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ASA to Assign Offices After Four-Year Delay

By Marissa Vogt
SENIOR EDITOR

The Association of Student Activities plans to allocate office space this fall for the first time since the fall of 2001. Allocations were to take place in the fall of 2003 but were not completed.

In 2003, officers of student groups requesting space were required to complete a form, and the groups were assigned priority levels in the reallocation process, though they were not assigned to offices.

Applications for office space are due on Oct. 29, after which the ASA will assign groups to categories based on priority, said Michael Shaw ’07, ASA undergraduate member at large. The deadline is a firm one for student groups, though it has already been adjusted once by the ASA. The ASA originally wanted the deadline to be earlier in October but encountered technical difficulties with the online application.

Shaw said that he believes that it is fair for the ASA to hold student groups to a strict deadline. “In order for us to be fair to all groups, we have to have a hard deadline after which we can review applications,” he said.

Shaw admitted that the 48-question application “puts somewhat of a strain” on student group officers, but the allocations are “important enough to put in the necessary few hours.”

Because office space is a “limited resource” that is not automatically given to all student groups, the application is designed to get as much information as possible from groups, Shaw said.

The office space designated for student activities is under the supervision of the Office of the Dean for Student Life but is assigned to the ASA with the understanding that the space be reallocated with “some regularity,” said Director of Campus Activities Complex Phillip J. Walsh. He said that the CAC works with the ASA in terms of the physical condition of the offices but is not involved with the ASA’s policies on how often they review space or the criteria by which they assign offices.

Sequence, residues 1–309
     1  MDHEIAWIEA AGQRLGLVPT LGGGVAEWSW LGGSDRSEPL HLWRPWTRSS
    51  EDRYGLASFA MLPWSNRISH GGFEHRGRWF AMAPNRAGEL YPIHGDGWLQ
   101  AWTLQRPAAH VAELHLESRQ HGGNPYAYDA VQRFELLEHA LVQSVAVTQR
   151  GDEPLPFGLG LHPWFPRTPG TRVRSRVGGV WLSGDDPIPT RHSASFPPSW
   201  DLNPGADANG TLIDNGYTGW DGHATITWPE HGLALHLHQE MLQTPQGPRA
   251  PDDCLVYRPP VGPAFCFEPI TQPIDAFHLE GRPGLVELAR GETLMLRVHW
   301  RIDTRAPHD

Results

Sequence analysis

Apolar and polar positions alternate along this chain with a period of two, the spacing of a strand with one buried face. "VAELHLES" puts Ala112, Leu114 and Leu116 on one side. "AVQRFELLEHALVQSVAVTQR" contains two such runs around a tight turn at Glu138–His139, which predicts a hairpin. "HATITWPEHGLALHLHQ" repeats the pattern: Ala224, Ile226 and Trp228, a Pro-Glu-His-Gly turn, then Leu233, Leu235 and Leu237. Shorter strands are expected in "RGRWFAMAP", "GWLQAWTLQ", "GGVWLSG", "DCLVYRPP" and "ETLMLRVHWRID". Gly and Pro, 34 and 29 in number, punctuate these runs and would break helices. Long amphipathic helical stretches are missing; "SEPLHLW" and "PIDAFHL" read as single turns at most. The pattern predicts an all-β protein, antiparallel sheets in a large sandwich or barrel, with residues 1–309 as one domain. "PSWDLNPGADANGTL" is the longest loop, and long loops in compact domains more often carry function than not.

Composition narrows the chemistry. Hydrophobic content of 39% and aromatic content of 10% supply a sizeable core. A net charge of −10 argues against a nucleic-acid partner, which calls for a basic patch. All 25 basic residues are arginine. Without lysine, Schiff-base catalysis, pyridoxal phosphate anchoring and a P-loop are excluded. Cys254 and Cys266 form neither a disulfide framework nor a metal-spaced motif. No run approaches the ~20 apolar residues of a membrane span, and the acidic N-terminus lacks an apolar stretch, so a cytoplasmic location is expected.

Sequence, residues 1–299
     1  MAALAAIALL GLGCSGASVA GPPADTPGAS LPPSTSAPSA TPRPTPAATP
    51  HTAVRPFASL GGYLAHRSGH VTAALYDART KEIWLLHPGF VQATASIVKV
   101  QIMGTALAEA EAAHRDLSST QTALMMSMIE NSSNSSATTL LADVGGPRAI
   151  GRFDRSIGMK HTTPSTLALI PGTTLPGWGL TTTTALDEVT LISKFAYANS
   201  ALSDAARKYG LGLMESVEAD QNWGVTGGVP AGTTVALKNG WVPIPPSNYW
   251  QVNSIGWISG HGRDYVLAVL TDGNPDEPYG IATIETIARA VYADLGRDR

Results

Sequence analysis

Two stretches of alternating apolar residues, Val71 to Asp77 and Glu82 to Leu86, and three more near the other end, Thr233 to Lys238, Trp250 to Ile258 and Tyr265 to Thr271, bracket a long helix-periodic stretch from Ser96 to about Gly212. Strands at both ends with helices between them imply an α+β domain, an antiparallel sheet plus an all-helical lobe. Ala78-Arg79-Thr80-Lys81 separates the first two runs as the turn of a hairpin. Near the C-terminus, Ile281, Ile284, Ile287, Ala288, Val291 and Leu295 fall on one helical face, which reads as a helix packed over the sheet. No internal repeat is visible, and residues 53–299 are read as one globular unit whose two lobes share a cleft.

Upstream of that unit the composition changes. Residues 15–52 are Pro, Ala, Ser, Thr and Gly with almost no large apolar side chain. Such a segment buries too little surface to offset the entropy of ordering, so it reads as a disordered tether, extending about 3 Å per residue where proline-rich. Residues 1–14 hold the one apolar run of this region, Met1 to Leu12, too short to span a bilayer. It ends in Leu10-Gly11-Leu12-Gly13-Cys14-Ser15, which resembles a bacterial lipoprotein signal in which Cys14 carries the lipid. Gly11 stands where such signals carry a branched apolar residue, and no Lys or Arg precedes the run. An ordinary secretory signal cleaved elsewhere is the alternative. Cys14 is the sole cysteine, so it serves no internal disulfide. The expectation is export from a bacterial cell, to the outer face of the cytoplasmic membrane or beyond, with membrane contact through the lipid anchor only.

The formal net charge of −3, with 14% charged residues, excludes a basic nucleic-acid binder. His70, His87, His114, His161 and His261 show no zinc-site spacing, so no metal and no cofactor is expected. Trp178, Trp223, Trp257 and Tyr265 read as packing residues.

Two factors that contributed to the cancellation of the 2003 allocations were miscommunication between the ASA and the CAC, and Student Center renovations that were planned but never carried through. In the fall of 2004, the ASA attributed its delays to renovations needed to create more student space, though Shaw said that the ASA currently has the same amount of space to allocate as it did four years ago.

Applications to be made public

Once the ASA receives space requests from student groups, they will assign the groups to different categories based on priority and whether or not the group currently has an office, Shaw said. Requests from groups that currently have office space are considered separately from requests by groups that do not have an office.

Shaw said that it is unlikely that subsets of these categories, such as groups without offices who had requested office space in the fall 2003 allocations, will receive special consideration. However, he said that those groups will likely have “good applications” because of their previous experience.

Groups that currently have office space are prioritized into the following categories: groups that will retain their current office or may gain space; groups that may lose some of their space, gain roommates, or change offices; and groups that will lose their office space. Groups that do not have space are divided into three categories based on priority.

Following prioritization but before final allocations are given, groups may appeal the ASA’s decision.

This year, groups’ applications will be made publicly available after appeals are completed, though the ASA operating guidelines do not specifically address the publication of responses, Shaw said. “It adds a degree of transparency to the whole process,” he said.

Shaw said that office space moves will happen in January, and that he expects the ASA to give out allocations in December before finals week.